“We’ve quietly built up a stockpile, and we now have enough lamps for four years. That will buy us time to switch the lamps,” Kaikkonen revealed.

University of California professor: Death toll for global warming "perhaps billions"

University of California Berkeley professor of law Andrew Guzman is seriously competing with the likes of Bill McKibben and George Monbiot for the global warming number one scaremonger title. A fellow warmist has published this enthusiastic review of Guzman's book The Human Cost of Climate Change:

"Over time, I found myself putting together a story about how a seemingly modest increase in temperature of a couple of degrees is enough to make the seas rise, food production collapse, nations go to war, and disease spread virtually unchecked. It was becoming clear, in a way that I felt was not widely appreciated, that the consequences of these changes will be measured in the hundreds of millions of lives, if we are lucky. If we are unlucky, perhaps billions."
Yes, billions. Guzman anchors his doom-laden case in statistics. The 10 warmest years since 1880 have all happened since 1998, he says, and cites an estimate that the annual global death toll already sparked by climate change is 300,000.
The stealthy fatal force pans out most dramatically as glacier meltdown that pumps up the seas and swamps island nations such as Tuvalu and the Maldives. Global warming, too, is the cause of the flooding of Bangladesh, which has resulted in devastating water-borne diseases such as dysentery and diarrhoea.
Meanwhile, shrinking glaciers in the Himalayas and the Andes will desiccate rivers, robbing millions of people of fresh water, threatening key cities and undermining strained food production. The result of the bedlam may be that millions will be forced to migrate into cities or "climate-refugee camps", Guzman forecasts. Another possible knock-on effect is war. Already, drawn-out droughts in Africa's Sahel region have fuelled mass violence in Darfur, Guzman writes.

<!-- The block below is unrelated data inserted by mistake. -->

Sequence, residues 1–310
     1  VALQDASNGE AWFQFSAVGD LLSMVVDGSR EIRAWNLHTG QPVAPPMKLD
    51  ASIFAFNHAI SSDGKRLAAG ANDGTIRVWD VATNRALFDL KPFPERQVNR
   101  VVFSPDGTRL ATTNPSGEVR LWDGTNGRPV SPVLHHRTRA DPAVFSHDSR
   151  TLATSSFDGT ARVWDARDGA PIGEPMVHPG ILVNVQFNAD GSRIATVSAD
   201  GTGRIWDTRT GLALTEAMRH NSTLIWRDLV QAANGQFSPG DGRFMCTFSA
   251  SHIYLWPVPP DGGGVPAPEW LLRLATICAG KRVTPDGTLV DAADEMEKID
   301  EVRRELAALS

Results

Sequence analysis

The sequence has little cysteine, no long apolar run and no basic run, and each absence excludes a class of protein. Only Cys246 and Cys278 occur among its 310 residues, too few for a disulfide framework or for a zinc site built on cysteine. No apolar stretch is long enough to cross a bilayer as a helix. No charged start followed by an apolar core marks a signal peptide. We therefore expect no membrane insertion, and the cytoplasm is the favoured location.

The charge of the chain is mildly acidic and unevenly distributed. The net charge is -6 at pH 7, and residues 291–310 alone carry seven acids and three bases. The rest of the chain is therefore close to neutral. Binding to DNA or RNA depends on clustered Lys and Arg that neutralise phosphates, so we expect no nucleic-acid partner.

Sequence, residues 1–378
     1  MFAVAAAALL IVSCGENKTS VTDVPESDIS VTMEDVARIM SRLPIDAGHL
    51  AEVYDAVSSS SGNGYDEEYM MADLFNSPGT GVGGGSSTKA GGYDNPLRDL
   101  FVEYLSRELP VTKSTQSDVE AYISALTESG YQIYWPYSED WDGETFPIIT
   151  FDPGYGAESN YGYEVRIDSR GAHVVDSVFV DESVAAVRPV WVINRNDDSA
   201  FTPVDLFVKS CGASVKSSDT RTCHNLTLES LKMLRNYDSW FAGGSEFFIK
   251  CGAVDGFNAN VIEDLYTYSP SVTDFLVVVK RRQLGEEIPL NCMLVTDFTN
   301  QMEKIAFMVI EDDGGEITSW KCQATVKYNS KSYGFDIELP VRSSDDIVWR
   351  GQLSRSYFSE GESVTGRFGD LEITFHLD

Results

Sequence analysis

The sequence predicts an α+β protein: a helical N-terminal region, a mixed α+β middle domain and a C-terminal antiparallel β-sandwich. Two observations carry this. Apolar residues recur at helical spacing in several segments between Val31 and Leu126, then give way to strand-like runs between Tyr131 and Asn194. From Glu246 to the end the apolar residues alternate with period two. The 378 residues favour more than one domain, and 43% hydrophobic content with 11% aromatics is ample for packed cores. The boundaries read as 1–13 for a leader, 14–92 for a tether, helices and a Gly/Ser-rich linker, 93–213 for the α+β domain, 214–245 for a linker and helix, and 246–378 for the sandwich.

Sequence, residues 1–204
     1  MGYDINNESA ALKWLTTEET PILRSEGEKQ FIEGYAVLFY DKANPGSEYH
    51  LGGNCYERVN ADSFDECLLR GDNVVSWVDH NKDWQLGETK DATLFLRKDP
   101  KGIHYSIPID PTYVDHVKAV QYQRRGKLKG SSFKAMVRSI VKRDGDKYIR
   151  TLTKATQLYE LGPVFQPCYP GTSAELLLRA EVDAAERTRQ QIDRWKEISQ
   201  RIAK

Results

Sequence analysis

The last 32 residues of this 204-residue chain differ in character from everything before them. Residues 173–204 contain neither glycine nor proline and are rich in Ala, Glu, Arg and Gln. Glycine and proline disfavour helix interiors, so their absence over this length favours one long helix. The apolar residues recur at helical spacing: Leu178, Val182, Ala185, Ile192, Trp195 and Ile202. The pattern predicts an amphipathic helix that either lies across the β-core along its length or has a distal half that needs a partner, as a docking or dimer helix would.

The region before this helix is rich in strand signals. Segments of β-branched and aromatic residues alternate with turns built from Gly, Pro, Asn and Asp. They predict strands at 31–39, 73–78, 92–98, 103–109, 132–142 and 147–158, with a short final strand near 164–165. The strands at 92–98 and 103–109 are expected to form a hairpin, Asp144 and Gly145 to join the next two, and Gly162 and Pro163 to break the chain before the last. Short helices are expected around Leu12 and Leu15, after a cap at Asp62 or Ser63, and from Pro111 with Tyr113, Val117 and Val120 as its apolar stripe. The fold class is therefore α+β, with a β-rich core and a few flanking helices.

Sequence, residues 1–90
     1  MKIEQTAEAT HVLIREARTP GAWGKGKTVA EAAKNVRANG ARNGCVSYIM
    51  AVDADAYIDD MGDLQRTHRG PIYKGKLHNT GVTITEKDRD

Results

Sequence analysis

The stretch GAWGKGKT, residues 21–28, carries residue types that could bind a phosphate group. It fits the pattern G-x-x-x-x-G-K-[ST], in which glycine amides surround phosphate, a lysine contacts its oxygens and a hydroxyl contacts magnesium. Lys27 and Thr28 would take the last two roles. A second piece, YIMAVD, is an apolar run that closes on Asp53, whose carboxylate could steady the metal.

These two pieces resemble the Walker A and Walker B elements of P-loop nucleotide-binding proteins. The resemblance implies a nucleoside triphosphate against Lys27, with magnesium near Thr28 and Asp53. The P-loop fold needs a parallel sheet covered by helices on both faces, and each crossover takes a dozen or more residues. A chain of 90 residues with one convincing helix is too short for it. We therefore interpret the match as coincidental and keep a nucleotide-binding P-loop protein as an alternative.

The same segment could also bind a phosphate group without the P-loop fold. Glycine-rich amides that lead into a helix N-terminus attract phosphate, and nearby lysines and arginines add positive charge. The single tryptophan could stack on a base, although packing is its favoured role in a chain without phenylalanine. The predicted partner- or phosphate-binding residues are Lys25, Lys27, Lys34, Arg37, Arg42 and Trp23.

If the planet's predicament sounds horrendous, he says, it is. But he has a solution: cut carbon emissions by raising fossil fuel's cost.--
Still, with luck, this book will put him in the big league of global warming critics, among the likes of Bill McKibben and George Monbiot - if he sticks with the subject, which has more grunt than the topic of his previous books: international law.
His ecological broadside underlines that it is high time the media stops pretending there are two sides to the threat he addresses.
Another glowing "review" explains why the law professor chose to write the book:
Countless books exist on the scientific aspects of climate change, but not one on why people should care, said Guzman. So he decided to write for a popular audience, to engage them, to capture their imaginations in a way that would communicate the depth of the problem.
In the same article Guzman talks about the future for his children:
"I'm terrified for my children -- for everybody's children," he said. "The world they are going to inhabit when they're my age in 2050 is not a pretty place. If I have grandchildren, it'll be even worse.
For the sake of his own - and other - children, one must hope that professor Guzman will utterly fail in "capturing their imaginations". 

Oxford University launches programme to scare investors away from major energy companies

Former tory Secretary of State for the Environment John Gummer, now Baron Deben, who is the chairman of the UK Committee on Climate Change, yesterday celebrated a new low for the country's perhaps most famous academic institution, the Oxford University

The occasion was the launch of "a new research programme aiming to help investors identify assets that could be left 'stranded' by climate change, declining resources and the emergence of new green technologies."

This is how the Oxford University has chosen to describe the new research programme:

Asset stranding is currently little understood, but the implications are potentially very significant for polluting investments. The programme researchers, based at Oxford's Smith School of Enterprise and the Environment, aim to find out which assets and sectors are most at risk and evaluate how investors, businesses and policy makers can best respond to the challenges.
To mark the launch, Rt Hon John Gummer, Lord Deben, Chairman of the Committee on Climate Change, will give a lecture at the School, highlighting the need for businesses and policy makers to adapt to the new economic landscape. He said: 'Investors continue to deploy hundreds of billions of pounds into polluting and unsustainable sectors. In many cases these investments will not be worth what investors think.